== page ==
Acute hypoxia and pulmonary vasoconstriction in humans: uncovering the mechanism of the pressor response

Alfred P. Fishman

Abstract

This essay looks at the historical significance of an APS classic paper that is freely available online:

Motley HL, Cournand A, Werko L, Himmelstein A, and Dresdale D. The influence of short periods of induced acute anoxia upon pulmonary artery pressures in man. Am J Physiol 150: 315–320, 1947 (http://ajplegacy.physiology.org/cgi/reprint/150/2/315).

for the lungs to operate efficiently in gas exchange, it is essential for the pulmonary blood flow to be directed to well-ventilated areas of the lungs. Teleologically, one mechanism to accomplish this end might be via nerves and pulmonary reflexogenic zones comparable to the sinus and aortic bodies in the systemic circulation. Although the lungs are richly innervated, no evidence indicates that such zones exist or that the nerves to the lungs play such a role. Instead, a mechanism for the control of the distribution of blood within the lungs is hypoxic pulmonary vasoconstriction, which automatically increases pulmonary vascular resistance in poorly aerated regions of the lungs, thereby redirecting pulmonary blood flow to regions richer in oxygen content.

A first step in uncovering the existence of hypoxic pulmonary vasoconstriction was taken by Euler and Liljestrand (6, 10). In closed-chest, spontaneously breathing cats anesthetized with chloralose, they showed that acute hypoxia elicits pulmonary vasoconstriction (Fig. 2). They postulated that hypoxic pulmonary vasoconstriction is a mechanism that sustains oxygen delivery to systemic tissues and organs by diverting pulmonary blood flow to the better aerated parts of the lungs. This demonstration, which they supplemented by observations on the effects of muscular work and vasoactive drugs on pulmonary arterial pressures, led to the conclusion that the distribution of the pulmonary blood flow within the lungs is regulated primarily by a local vasomotor mechanism that automatically directs the blood to better ventilated parts of the lungs.

Motley et al. (13), in the laboratory of André Cournand (Fig. 1) at Bellevue Hospital, aware of the recent observations by Euler and Liljestrand on anesthetized cats, undertook similar observations on five normal human subjects. The subjects were rendered hypoxic by breathing an inspired gas mixture of 10% O2 in N2 for 10 min. In each subject, acute hypoxia elicited pulmonary vasoconstriction, as indicated by an increase in pulmonary arterial pressure. The demonstration of the hypoxic pulmonary pressor response in unanesthetized humans breathing spontaneously represented a landmark in the growth of understanding of the regulation of pulmonary circulation.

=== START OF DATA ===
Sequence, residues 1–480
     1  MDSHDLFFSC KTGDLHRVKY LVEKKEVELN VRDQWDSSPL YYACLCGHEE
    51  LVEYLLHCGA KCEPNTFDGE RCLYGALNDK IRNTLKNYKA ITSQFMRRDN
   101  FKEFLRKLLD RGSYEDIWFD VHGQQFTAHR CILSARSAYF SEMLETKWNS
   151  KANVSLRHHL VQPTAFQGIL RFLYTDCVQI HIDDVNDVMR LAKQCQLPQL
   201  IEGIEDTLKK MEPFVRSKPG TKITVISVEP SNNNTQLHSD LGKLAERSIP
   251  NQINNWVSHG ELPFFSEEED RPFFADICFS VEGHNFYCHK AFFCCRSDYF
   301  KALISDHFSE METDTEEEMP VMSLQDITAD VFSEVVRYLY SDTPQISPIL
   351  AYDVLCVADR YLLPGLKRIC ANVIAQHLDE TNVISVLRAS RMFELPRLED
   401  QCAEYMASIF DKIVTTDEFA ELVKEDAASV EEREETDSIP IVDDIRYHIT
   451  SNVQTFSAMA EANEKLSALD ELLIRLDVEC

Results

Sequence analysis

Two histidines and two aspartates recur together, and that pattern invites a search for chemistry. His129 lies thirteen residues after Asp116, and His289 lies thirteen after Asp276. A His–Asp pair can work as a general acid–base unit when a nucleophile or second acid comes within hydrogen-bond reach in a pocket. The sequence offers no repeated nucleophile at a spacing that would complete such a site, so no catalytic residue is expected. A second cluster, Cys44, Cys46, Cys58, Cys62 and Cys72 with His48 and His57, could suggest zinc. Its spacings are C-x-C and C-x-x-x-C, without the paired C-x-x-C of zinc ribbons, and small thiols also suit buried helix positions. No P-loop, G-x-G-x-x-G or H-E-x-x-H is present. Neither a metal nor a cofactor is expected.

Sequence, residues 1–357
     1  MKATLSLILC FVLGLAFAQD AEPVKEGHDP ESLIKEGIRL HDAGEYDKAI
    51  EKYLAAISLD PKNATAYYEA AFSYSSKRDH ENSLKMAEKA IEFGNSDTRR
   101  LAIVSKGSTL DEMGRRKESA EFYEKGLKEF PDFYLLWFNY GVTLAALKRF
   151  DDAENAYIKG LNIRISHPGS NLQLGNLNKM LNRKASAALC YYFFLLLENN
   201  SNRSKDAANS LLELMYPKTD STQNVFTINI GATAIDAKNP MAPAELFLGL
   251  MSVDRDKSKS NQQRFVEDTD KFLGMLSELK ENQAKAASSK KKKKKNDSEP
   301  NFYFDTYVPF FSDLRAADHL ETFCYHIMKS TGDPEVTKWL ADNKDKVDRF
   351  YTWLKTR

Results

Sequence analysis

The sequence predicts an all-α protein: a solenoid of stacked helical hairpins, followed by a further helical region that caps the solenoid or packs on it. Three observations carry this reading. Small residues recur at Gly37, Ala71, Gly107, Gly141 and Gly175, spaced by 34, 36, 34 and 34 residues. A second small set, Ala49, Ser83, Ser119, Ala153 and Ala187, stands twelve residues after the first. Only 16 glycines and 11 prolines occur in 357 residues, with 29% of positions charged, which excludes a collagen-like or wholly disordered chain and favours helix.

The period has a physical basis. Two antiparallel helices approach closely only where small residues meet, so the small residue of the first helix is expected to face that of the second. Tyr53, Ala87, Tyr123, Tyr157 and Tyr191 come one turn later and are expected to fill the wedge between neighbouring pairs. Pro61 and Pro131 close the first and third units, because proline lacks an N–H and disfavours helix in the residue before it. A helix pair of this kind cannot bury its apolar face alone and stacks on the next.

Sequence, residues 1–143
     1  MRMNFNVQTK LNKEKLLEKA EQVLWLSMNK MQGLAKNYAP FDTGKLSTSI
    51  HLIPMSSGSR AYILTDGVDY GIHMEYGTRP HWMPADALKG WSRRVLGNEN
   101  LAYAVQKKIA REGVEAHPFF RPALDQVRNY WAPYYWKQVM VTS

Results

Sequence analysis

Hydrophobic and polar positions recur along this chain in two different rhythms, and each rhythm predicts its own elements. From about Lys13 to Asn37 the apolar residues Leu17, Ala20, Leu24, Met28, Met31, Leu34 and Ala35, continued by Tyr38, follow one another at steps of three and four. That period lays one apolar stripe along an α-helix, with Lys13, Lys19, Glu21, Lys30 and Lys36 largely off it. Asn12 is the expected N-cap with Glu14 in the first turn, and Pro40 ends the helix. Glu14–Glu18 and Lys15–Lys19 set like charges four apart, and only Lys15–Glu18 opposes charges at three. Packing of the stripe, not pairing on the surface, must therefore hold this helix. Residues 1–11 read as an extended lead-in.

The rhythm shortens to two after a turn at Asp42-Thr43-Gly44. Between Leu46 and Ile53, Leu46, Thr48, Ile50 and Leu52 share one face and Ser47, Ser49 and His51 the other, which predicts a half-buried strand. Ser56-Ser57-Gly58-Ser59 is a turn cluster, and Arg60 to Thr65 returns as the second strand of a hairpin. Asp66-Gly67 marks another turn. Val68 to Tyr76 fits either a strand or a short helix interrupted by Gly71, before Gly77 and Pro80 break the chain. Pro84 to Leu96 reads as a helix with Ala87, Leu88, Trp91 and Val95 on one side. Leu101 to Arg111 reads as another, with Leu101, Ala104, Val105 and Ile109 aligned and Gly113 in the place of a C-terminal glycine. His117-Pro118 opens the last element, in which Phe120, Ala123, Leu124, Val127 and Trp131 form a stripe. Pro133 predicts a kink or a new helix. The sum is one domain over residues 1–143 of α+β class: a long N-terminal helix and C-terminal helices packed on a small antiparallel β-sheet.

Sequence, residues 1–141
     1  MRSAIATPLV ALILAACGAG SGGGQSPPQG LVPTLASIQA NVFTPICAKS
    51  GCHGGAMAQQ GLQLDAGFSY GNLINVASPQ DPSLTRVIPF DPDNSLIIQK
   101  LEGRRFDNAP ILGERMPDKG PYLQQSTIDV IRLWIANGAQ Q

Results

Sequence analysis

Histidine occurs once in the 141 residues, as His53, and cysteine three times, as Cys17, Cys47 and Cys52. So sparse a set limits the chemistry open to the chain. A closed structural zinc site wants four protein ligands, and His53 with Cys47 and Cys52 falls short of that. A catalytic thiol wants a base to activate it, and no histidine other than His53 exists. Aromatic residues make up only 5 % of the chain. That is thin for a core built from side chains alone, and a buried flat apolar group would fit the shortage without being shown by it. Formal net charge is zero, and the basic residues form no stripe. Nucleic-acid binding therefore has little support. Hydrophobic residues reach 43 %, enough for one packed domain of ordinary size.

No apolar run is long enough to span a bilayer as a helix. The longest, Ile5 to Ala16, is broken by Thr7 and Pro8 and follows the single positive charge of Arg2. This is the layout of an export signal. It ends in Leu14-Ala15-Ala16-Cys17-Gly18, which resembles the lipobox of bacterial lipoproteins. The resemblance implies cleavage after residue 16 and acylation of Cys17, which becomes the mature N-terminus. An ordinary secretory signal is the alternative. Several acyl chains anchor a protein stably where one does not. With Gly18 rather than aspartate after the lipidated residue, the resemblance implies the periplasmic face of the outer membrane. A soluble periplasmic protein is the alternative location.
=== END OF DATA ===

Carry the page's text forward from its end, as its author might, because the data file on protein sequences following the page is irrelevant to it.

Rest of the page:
Unexpectedly, they found that the pulmonary arterial pressor effect was accompanied by a decrease in cardiac output, which they calculated by the Fick principle. However, this decrease in calculated cardiac output during acute hypoxia proved later to be in error (8), due to failure to allow sufficient time for the subjects to reach the steady state of the respiration and circulation required for a valid application of the Fick principle. Subsequent experiments in which normal human subjects were exposed to inspired gas mixtures low in oxygen showed that when sufficient time is allotted for a new steady state to be reached, the calculated cardiac output does increase (8).

These early observations on unanesthetized normal human subjects have three implications: 1) as in the case of the anesthetized cat, they demonstrate that the normal human pulmonary circulation responds to hypoxia by vasoconstricting; 2) they suggest that instead of simply serving as a passive conduit between the two sides of the heart, an automatic pulmonary intravascular mechanism directs venous blood returning to the heart to better aerated areas of the lungs for optimal gas exchange; and 3) they underscore the need to satisfy steady-state criteria for valid application of the Fick principle (7).

Despite intensive research since the observations of Euler and Liljestrand (6, 10), the mechanism responsible for hypoxic pulmonary vasoconstriction remains enigmatic. All investigators agree that hypoxic pulmonary vasoconstriction reflects an inherent property of the small precapillary muscular pulmonary arteries and that these vessels respond to alveolar oxygen tensions rather than to vascular oxygen tensions. Moreover, there is a consensus that, even though hypoxic pulmonary vasoconstriction may be modulated by various mediators and by the autonomic nervous system, its intrinsic mechanism is independent of these influences. The search for the initiating mechanism for the hypoxic pulmonary vascular response continues to the present, and the approaches vary considerably (15, 9, 11, 12, 14). One line of current research focuses on the role of oxygen-sensitive voltage-gated K+ channels as the possible effector mechanism and explains the pulmonary arterial sensor for the hypoxic pressor response in electrical terms (2, 3). Another explores the role played by endothelin as the mediator of hypoxic pulmonary vasoconstriction (1, 14). However, there is still no consensus concerning the mechanism responsible for sensing and initiating the hypoxic pulmonary pressor response.

Fig. 1.

André Frederic Cournand, who in 1956 received the Nobel Prize in Physiology or Medicine. Courtesy of Ewald Weibel.

Fig. 2.

Cat anesthetized with chloralose, 3.9 kg, kept on artificial ventilation, open thorax. LA, left atrium; PA, pulmonary artery. Bottom trace, systemic blood pressure. 1 = O2 (from air); 2 = 6.5% CO2 in O2; 5 = O2; 6 = 10.5% O2 in N2; 7 = O2; t = 30 s. [From Euler and Liliestrand (6)].

REFERENCES

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